Actor Emile Hirsch pleaded guilty on Monday to misdemeanor assault after a January 25 incident at this year’s Sundance Film Festival, where the Into the Wild star was accused of putting a female studio executive in a chokehold.
Hirsch, who was initially charged with felony assault in the incident, entered a plea in abeyance for a reduced charge of a class A misdemeanor. He was taken to the Summit County jail, where he will serve 15 days. The actor will also be required to pay a $4,750 fine plus restitution (which will be determined in civil court), serve 50 hours of community service, and continue his rehabilitation treatment.
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At the time of the incident, a source told ET that Hirsch and Insurge Pictures executive Daniele Bernfeld seemed at first to be joking around at TAO nightclub in Park City, Utah -- but then things escalated and the police were called. Police documents allege that Hirsch looked drunk when he approached the woman and asked her why she looked "so tough." He also allegedly told the woman she was a "rich kid who should not be at Sundance."
After walking away and sitting down with friends, Hirsch reportedly approached the woman again and allegedly put her in a chokehold, pulling her across the table and landing on top of her on the floor. According to police, the victim claimed that she "saw things going dark and might have blacked out momentarily."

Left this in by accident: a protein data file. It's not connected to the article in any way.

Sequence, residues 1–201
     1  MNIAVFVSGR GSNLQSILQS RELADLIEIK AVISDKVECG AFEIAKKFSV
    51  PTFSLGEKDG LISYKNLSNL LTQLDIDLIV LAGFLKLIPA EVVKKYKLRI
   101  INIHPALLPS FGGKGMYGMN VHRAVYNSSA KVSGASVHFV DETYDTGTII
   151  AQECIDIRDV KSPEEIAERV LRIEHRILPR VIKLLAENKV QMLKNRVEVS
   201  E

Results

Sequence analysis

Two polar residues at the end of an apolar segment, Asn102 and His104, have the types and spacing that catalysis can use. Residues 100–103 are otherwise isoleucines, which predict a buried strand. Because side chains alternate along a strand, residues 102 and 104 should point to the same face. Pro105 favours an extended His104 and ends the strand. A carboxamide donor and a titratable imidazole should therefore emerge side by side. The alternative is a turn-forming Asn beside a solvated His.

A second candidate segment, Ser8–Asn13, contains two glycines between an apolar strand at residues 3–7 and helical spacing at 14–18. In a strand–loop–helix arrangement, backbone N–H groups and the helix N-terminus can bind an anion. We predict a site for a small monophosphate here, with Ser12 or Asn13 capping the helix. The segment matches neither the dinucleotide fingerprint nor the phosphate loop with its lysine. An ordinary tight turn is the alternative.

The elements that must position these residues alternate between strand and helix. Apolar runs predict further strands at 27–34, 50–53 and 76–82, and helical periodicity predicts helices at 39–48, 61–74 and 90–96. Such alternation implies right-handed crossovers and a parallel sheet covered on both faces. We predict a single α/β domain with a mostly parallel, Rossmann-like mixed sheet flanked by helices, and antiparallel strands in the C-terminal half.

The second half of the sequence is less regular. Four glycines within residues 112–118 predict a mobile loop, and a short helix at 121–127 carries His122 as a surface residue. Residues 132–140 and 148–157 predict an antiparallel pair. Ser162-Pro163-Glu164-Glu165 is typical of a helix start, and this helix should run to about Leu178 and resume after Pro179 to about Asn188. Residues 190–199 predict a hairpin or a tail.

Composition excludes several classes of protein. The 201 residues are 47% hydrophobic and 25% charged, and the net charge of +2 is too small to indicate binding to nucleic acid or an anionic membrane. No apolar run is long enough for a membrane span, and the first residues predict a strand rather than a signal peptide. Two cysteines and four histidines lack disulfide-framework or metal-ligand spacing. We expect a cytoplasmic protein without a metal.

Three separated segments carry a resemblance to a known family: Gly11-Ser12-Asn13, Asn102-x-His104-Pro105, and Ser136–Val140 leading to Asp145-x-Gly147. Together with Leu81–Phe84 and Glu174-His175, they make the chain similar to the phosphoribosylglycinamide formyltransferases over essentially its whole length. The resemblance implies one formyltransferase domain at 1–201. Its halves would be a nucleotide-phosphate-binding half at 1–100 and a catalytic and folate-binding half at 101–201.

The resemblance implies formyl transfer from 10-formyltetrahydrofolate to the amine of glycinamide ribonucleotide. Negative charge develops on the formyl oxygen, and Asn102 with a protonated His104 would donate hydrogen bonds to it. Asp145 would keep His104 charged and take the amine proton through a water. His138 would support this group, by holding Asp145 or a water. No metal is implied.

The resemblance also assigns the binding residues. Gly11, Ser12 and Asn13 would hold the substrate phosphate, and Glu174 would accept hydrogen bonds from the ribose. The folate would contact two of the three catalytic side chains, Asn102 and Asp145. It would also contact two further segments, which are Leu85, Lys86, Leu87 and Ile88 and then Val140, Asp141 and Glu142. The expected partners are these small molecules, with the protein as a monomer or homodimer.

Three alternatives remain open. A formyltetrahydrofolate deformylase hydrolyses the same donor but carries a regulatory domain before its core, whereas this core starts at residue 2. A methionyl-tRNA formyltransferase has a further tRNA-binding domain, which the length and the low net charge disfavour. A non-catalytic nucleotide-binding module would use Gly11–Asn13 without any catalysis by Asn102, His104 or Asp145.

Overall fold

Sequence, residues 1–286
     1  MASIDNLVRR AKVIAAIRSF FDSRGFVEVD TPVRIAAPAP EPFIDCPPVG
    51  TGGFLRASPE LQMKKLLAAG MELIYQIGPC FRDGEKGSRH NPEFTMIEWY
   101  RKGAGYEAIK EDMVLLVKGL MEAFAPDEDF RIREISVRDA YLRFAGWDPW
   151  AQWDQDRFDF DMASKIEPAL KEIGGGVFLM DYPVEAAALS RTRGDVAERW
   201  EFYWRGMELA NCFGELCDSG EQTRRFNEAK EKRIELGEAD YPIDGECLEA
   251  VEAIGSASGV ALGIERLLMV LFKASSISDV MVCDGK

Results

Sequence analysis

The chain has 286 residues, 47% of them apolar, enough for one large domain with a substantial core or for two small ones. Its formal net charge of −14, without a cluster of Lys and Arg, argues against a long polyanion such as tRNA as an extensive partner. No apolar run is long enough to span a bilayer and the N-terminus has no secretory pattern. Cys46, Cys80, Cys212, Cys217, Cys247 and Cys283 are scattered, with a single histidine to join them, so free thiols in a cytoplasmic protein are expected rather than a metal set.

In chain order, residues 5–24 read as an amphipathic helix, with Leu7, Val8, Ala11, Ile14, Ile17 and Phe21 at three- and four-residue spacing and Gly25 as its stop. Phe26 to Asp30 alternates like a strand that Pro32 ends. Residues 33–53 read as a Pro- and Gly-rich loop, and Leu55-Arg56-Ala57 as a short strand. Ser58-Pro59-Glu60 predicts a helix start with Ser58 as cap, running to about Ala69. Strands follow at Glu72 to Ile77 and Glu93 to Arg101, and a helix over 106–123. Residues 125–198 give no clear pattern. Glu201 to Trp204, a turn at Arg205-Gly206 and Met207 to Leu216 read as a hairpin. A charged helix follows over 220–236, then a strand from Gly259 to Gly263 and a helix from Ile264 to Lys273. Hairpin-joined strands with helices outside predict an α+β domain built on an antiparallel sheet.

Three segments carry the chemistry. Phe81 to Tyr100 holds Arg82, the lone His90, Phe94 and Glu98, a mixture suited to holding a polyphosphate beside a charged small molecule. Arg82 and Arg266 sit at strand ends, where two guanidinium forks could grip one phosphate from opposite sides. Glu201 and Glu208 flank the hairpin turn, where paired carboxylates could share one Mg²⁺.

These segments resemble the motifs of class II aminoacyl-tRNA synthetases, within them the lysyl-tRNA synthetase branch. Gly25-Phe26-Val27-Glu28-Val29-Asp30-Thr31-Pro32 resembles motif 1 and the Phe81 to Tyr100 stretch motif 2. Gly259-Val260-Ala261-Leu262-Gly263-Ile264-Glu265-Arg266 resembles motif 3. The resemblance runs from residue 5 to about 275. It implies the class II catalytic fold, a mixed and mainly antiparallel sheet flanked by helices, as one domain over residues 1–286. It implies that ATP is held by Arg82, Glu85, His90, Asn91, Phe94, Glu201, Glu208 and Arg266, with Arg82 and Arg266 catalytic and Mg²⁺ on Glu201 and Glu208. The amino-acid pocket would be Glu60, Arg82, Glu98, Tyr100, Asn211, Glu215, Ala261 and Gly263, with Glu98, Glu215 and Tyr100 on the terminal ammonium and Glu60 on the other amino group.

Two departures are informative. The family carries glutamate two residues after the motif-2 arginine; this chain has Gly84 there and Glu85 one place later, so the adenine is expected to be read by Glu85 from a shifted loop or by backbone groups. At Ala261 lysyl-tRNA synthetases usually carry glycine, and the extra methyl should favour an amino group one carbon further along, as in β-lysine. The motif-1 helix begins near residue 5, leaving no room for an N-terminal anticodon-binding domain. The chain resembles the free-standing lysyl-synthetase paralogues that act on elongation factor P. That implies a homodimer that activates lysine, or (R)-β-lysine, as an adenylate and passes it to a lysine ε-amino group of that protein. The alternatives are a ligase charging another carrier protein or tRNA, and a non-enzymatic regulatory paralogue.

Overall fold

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Days after the incident, Hirsch’s reps said the actor checked into rehab.
"Emile consumed an enormous amount of alcohol on the evening in question and he has no memory of what happened," Hirsch's lawyer Robert Offer said in statement to ET at the time. "Emile takes these allegations very seriously, and is devastated that any of this has occurred.”
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If Hirsch violates the terms of his plea, he will serve one year in jail and be subject to a larger fine. If he completes his sentence with no further violations, the charge will be dismissed.
Bernfield did not appear in court on Monday, but a Summit County attorney read a statement submitted by the victim’s attorney, in which the studio executive expressed her disappointment with Hirsch’s reduced sentence, writing, "If a violent attack in front of a roomful of witnesses can be labeled a misdemeanor and dismissed, what of women who are assaulted while alone in hallways or bathrooms, or behind the closed doors of their own homes?"